Massachusetts Senator Elizabeth Warren is marking the eighth anniversary of Lehman Brothers’ bankruptcy with a new push to investigate—and potentially jail—more than two dozen individuals and corporations who were referred to the Justice Department for possible criminal prosecution in 2011 by the Financial Crisis Inquiry Commission, a government-appointed group that investigated the roots of the 2008 financial crisis. None was ever prosecuted. The names of the referrals—including former Treasury Secretary Robert E. Rubin, who held a top job at Citigroup, and Citigroup’s former CEO, Charles Prince—became public earlier this year when the National Archives released new documents.
In a letter to the Justice Department’s inspector general, Warren calls the lack of prosecutions “outrageous and baffling” and asks the inspector general, Michael Horowitz, to investigate why no charges were brought. “[T]he DOJ record of action on these individuals, nearly six years after DOJ received the referrals, is abysmal,” she writes.
In a separate letter, to FBI Director James Comey, Warren asks for the immediate release of “any and all materials related to the FBI’s investigations and prosecutorial decisions regarding these referrals.” This disclosure is warranted, she writes, by Comey’s decision in July to release a lengthy and critical statement that included previously undisclosed information about Democratic presidential nominee Hillary Clinton’s use of a private e-mail server—even though Comey decided not to recommend that charges be brought against Clinton. “Your recent actions with regard to the investigation of former Secretary of State Hillary Clinton,” Warren writes, “provide a clear precedent for releasing additional information about the investigation of the parties responsible for the financial crisis.”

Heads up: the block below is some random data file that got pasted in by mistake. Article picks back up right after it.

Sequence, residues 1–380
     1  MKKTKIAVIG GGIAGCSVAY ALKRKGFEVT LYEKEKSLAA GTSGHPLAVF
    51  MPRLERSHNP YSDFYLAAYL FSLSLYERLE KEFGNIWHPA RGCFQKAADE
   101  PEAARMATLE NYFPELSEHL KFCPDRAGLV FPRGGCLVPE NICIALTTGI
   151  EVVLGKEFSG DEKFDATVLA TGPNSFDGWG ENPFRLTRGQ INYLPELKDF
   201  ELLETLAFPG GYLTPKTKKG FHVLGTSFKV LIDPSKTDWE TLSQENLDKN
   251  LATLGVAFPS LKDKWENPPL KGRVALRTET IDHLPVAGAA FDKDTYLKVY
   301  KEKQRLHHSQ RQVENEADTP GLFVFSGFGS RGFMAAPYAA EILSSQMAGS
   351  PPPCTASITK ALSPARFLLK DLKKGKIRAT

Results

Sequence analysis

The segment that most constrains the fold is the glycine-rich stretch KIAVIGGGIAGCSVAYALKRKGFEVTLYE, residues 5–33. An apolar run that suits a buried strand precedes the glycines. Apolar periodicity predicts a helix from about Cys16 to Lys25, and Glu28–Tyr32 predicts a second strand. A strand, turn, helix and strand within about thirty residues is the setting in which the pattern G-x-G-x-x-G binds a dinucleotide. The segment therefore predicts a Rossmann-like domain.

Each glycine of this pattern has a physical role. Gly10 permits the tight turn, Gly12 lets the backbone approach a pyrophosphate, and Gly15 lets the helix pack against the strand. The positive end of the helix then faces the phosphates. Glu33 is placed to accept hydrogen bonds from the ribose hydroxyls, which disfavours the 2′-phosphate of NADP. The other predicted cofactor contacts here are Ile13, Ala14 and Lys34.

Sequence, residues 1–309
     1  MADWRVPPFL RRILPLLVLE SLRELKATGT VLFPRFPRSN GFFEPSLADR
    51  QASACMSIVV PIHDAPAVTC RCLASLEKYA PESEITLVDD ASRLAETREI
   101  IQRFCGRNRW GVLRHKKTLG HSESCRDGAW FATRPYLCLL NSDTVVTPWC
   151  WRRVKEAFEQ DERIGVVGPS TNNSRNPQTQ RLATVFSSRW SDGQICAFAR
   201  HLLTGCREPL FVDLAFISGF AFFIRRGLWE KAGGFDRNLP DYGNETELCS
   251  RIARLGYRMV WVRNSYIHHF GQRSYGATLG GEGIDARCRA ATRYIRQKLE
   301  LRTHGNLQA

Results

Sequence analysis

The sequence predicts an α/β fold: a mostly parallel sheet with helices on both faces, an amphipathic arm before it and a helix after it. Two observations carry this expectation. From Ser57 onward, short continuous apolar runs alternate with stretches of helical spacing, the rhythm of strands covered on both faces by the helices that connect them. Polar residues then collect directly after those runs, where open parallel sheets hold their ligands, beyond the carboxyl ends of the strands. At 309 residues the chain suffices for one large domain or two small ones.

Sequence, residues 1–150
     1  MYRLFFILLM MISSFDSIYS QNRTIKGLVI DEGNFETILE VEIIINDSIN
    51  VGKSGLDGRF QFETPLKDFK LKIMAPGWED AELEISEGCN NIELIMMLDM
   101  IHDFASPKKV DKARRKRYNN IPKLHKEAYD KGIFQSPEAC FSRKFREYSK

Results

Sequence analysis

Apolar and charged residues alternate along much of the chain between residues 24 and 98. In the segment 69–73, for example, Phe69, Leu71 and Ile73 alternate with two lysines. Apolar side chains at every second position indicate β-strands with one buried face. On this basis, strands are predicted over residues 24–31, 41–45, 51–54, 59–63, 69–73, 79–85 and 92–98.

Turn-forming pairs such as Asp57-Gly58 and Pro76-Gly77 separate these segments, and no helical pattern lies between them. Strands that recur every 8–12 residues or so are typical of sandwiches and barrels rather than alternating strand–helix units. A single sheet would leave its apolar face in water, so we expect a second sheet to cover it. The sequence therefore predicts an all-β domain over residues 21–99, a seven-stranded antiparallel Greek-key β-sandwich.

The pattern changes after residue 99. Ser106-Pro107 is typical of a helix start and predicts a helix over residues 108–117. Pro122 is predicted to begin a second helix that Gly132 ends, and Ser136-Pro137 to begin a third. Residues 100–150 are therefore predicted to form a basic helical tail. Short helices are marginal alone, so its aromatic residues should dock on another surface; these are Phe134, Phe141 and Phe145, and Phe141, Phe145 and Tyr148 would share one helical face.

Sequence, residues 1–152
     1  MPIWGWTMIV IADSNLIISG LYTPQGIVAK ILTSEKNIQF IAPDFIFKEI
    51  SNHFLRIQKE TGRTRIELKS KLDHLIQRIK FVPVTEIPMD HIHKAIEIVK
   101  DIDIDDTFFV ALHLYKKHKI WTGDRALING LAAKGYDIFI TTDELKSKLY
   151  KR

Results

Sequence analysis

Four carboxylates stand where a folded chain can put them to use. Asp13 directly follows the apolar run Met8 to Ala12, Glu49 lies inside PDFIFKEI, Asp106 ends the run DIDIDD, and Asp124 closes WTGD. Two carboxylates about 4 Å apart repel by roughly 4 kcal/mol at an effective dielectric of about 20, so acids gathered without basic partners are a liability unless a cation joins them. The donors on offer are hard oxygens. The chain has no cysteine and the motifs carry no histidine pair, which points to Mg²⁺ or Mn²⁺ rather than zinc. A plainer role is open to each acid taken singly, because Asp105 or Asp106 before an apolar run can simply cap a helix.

In an interview with Bloomberg Businessweek, Warren cited the anniversary of Lehman’s collapse as “a good occasion to stop and ask where the real accountability is and get some answers out of the Justice Department about why they haven’t prosecuted anyone.” She said Comey’s rationale for disclosing details of the Clinton investigation—Comey said it was warranted by “intense public interest”—creates a new precedent that obligates him to shed light on why the bankers and financial institutions referred by the FCIC to the Justice Department were never prosecuted. “Those same standards ought to apply to the worst economic crisis since the Great Depression,” Warren said. “There’s a clear public interest in finding out why none of these individuals or corporations were held responsible.”
The timing of Warren’s effort, less than two months before the presidential election, aims to encourage the next administration to prosecute financial crimes more aggressively than the Obama administration has done. “The public outrage is still there,” she said. “This is about reminding our government officials who they work for.” For years, Warren has pushed for regulators to take a tougher stance toward Wall Street. “She understands that CEOs don’t pay fines, shareholders do, and if they know prison is not an option, they’ll have a strong incentive to gamble by breaking the rules,” said Jeff Hauser, a lawyer who runs the Revolving Door Project at the liberal Center for Economic & Policy Research.